Sunday 21 December, 2014

Potential drug for bipolar disorder with no side effects

Published On: Sat, Jul 7th, 2007 | Health | By BioNews

July 7 : Researchers have identified a new compound that might help in developing a new drug with no side-effects as compared to current treatments to cure bipolar disorder or manic depression.

Bipolar disorder is currently treated with drugs called mood stabilizers containing lithium or valproic acid which are believed to act by blocking the function of an enzyme called glycogen synthase kinase-3 (GSK-3) in the brain.

The study was conducted by a team of researchers led by Alan Kozikowski of the University of Illinois in Chicago, Nature reports.

As part of the study, researchers tested a class of newly discovered compounds that inhibited an enzyme similar to GSK-3.

Researchers looked for a way to improve the compounds’ binding to the enzyme’s ‘active site’ and made changes in the enzyme so that the compound could get to the brain from the blood by passing through a water-resistant membrane.

The scientists made a whole family of molecules (called 3-(benzofuran-3-yl)-4-(indol-3-yl) maleimides) and found the most effective drug, which they tested on a mouse model of ‘mania’, to see if they blocked the enzyme’s chemical behaviour.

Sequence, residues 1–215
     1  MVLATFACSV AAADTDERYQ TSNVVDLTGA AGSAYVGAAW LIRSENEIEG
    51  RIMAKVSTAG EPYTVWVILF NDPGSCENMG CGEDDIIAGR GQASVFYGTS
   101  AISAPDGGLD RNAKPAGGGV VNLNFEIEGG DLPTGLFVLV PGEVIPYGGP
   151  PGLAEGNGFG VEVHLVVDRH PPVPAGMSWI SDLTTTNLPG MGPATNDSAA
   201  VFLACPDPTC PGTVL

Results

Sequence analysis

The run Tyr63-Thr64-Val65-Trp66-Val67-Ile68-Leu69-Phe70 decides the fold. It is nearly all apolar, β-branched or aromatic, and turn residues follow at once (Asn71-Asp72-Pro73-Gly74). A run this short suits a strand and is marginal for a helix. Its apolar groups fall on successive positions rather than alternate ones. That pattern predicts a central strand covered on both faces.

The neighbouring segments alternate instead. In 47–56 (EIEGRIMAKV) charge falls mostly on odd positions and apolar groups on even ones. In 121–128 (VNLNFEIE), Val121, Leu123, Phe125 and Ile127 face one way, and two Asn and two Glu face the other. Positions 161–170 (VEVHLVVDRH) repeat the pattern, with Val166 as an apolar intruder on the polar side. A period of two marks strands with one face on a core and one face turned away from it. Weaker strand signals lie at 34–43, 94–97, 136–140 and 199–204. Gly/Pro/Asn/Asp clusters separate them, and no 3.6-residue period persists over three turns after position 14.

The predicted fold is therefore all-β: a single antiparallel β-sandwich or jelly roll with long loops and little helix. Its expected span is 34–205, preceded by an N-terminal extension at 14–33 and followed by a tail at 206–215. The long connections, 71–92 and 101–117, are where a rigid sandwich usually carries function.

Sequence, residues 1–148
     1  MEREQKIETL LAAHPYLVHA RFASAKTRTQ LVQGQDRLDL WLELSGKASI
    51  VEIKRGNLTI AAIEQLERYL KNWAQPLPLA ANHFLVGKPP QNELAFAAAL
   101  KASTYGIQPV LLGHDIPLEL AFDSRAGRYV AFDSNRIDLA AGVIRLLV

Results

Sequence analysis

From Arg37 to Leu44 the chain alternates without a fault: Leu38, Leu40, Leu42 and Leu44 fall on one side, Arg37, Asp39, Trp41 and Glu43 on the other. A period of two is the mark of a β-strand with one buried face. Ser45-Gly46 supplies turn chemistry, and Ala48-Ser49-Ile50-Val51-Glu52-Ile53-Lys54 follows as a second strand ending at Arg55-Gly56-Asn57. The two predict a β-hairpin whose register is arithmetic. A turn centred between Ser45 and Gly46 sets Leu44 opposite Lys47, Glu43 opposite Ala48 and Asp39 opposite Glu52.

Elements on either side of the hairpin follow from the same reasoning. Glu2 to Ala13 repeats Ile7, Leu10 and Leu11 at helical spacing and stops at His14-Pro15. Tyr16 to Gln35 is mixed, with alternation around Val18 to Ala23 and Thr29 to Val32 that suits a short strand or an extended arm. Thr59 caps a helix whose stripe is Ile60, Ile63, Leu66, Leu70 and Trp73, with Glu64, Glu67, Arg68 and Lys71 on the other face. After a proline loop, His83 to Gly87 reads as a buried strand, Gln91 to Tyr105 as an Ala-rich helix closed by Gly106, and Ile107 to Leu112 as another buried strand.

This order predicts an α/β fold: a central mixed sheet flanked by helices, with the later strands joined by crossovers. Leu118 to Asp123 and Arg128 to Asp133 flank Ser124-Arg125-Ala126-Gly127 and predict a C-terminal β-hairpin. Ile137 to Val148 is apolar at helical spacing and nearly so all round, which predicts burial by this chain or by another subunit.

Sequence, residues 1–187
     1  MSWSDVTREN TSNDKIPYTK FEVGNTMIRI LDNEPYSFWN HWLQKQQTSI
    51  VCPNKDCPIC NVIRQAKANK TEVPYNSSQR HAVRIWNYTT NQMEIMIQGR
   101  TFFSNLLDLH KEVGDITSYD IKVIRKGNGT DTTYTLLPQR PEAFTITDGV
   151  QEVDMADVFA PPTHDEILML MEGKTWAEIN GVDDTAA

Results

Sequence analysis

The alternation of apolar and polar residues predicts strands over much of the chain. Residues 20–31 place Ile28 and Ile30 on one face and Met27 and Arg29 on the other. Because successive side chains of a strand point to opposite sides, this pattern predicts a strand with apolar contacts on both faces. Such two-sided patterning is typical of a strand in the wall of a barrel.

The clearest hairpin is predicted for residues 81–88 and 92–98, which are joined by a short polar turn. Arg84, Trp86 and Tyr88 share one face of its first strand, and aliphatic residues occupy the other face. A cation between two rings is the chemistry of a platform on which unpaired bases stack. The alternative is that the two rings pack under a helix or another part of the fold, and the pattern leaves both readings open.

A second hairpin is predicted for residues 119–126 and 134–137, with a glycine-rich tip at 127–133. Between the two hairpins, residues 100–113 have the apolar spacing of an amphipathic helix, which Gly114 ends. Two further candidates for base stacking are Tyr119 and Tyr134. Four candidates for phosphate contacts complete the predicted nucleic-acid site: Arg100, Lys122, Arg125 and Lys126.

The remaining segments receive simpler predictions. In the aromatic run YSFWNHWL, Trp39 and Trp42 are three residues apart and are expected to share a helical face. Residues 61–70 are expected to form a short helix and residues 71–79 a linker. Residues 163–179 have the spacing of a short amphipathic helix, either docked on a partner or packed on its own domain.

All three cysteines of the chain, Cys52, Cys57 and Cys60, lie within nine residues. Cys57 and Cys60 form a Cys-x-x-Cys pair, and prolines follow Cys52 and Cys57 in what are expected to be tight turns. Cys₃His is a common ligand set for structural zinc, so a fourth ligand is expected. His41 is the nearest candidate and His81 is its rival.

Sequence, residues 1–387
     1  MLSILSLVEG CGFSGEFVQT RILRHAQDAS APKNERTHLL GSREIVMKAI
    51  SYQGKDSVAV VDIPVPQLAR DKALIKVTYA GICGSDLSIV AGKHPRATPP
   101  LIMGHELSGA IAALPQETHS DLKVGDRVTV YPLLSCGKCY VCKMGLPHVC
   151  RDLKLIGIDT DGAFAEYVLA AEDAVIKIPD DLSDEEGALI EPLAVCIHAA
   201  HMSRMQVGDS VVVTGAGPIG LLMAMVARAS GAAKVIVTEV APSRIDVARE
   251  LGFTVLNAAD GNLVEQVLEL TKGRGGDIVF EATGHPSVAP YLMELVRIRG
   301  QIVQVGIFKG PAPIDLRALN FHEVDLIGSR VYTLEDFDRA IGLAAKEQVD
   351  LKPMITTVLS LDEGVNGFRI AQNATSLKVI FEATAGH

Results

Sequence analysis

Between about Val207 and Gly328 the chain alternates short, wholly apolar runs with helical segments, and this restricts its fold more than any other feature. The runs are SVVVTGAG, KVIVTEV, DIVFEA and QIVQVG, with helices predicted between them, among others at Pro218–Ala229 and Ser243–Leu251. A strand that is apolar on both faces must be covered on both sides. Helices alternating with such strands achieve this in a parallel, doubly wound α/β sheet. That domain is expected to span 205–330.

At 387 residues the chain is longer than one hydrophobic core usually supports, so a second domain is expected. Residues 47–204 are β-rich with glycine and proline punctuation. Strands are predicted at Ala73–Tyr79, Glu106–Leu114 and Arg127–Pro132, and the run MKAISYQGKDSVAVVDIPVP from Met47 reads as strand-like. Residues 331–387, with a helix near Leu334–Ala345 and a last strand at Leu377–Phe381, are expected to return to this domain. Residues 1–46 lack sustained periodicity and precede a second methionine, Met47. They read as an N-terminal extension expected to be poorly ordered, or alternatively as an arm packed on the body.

Researchers found that the hyperactive mice were calmed when the ‘new candidate’ drug was given.

Researchers hope that the human trials of the drug will also prove successful, however one concern is that if the GSK-3 inhibitor compound hits some other function of the enzyme it can cause cancer risk. (ANI)

Leave a comment

XHTML: You can use these html tags: <a href="" title=""> <abbr title=""> <acronym title=""> <b> <blockquote cite=""> <cite> <code> <del datetime=""> <em> <i> <q cite=""> <strike> <strong>

More from Health
  • Cells that facilitate tumour growth identified
  • Ebola toll nears 7,000 in West Africa
  • Obesity can be considered disability, EU court rules
  • Global life expectancy increases by more than six years
  • Ability to balance on one leg may reflect brain health and stroke risk
  • Visit us on Google+